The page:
BORDER and North East moteliers crippled by coronavirus restrictions in two states are seeking more financial help from state governments.
Quality Resort Siesta owner Steve Jones said his Lavington business had cut its motel operations back to three nights a week even before the NSW lockdown came into effect on Saturday night.
Mr Jones said his business was already under pressure with Victorians making up 80 per cent of his motel trade.
"As soon as Victoria made all of NSW a red zone, it killed us," he said.
"We've copped it from both sides of the border all along."
Mr Jones, who also operates Quality Hotel Wangaratta Gateway, said Victoria had offered more financial support to small businesses but it had weathered more lockdowns than NSW all the same.
He said his Lavington business of 38 years was disproportionately exposed to Victorian restrictions.
"If Daniel Andrews shuts the border that affects us big-time but there's no reimbursement from the NSW government," he said.
"Andrews is not going to compensate any businesses in NSW impacted by his policy.
"I believe NSW needs to step up its support; a one-off $7500 grant doesn't go far enough."
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Bright Motor Inn manager Nick Wheatley said his business was severely impacted by the ongoing Melbourne lockdown.
"About 80-90 per cent of our guests come from Melbourne," he said.
"When Melbourne is in lockdown that's when we really need the financial support.
Having taken over the business two years ago, Mr Wheatley said occupancy rates remained low in what was the peak winter season.
"Mid-week has been very quiet and on the weekends we're getting a few people in on their way to the snow," Mr Wheatley said.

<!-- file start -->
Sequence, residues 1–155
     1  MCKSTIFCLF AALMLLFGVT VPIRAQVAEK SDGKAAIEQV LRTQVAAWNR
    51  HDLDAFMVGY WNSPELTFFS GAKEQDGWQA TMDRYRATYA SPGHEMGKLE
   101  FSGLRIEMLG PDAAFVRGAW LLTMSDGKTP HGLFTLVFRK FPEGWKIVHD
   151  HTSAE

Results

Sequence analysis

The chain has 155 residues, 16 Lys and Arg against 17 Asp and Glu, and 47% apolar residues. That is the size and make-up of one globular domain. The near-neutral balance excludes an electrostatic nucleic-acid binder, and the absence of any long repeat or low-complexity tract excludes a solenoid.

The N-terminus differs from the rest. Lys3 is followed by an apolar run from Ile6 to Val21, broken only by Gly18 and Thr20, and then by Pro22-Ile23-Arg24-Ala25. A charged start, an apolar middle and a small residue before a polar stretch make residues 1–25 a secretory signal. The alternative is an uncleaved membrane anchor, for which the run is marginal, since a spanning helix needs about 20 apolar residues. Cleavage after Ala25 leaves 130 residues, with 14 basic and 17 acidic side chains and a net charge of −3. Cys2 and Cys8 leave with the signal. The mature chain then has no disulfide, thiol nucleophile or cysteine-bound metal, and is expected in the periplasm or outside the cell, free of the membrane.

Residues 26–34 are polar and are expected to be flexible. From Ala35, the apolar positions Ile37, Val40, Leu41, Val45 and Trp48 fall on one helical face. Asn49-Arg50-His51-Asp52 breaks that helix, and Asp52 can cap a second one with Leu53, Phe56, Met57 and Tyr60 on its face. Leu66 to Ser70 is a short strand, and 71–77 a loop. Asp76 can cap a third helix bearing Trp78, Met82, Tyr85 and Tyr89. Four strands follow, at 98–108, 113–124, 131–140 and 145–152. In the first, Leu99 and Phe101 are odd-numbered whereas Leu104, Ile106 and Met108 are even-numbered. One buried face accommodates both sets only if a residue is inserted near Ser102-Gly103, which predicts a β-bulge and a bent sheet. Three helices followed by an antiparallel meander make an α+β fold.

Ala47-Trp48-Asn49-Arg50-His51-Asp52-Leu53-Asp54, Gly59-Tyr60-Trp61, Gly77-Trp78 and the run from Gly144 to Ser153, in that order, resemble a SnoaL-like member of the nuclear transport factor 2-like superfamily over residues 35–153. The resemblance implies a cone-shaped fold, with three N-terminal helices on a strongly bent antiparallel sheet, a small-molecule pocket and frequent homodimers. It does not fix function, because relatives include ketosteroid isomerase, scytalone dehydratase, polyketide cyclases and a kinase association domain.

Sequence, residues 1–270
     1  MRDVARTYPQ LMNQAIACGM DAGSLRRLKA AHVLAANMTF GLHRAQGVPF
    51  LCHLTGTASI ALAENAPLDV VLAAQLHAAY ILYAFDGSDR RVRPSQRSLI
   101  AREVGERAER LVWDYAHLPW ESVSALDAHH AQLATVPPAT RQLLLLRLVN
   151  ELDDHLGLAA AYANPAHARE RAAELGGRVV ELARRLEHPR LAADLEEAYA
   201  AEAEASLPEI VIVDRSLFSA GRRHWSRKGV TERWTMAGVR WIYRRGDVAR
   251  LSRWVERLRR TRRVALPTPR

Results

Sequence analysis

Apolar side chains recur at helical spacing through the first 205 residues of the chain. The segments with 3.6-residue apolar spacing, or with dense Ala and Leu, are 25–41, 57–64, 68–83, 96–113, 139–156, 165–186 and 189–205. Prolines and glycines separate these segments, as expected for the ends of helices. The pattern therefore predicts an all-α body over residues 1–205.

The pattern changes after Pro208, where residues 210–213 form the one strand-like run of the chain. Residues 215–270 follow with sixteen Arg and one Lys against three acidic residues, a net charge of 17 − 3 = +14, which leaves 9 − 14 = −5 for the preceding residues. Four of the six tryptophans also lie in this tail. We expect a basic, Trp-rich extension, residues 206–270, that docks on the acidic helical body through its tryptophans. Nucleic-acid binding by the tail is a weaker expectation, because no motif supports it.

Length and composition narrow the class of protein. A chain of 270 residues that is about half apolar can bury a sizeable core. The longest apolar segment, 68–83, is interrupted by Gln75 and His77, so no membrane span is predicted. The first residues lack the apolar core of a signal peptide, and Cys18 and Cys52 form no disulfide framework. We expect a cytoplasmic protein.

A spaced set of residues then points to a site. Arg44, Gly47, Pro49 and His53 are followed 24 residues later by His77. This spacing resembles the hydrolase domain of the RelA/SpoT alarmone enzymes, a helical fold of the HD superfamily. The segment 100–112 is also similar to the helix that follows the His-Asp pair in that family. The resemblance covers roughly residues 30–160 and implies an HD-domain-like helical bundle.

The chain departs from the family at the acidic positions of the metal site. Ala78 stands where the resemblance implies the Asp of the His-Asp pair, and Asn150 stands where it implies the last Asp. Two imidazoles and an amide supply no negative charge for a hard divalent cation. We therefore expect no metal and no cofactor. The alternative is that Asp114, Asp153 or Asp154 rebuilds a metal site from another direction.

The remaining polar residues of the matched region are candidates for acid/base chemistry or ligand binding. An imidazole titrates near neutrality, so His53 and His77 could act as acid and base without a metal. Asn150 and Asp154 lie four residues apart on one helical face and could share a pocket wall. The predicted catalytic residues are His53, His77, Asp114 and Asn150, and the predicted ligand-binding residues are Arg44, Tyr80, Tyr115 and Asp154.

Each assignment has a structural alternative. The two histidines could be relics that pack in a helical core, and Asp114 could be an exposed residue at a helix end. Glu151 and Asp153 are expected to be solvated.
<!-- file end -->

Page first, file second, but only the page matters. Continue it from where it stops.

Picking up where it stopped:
"On Friday and Saturday we're 70 per cent booked by regional Victorians but last night we had no one staying in the motel.
"Now we're closed to NSW."
Mr Jones said the announcement of the NSW statewide lockdown via social media on Saturday afternoon was very poorly handled.
He said it was particularly ill-timed for operators of restaurants such as his on-site venue The Bullring.
"We had people turn up to the restaurant on Saturday night only to find it in the dark," Mr Jones said.
"Then we had to get birthday cakes back to people who had dropped them off to the restaurant earlier in the day.
"People did not know the lockdown had been announced."
Mr Jones said Border residents were weary from constant changes in restrictions across two states.
"We've got Dan on one side and Gladys on the other and they've both got different Border Bubbles," he said.
"We're the piggy in the middle."
Mr Jones said regional NSW's exit from lockdown would depend on coronavirus outbreaks in Canberra and Dubbo.
"They were the catalysts for us going into lockdown so if they can get that cleaned up we'll be right," he said.
"In our favour is that regional Victoria is out of lockdown and Gladys will take that into account."
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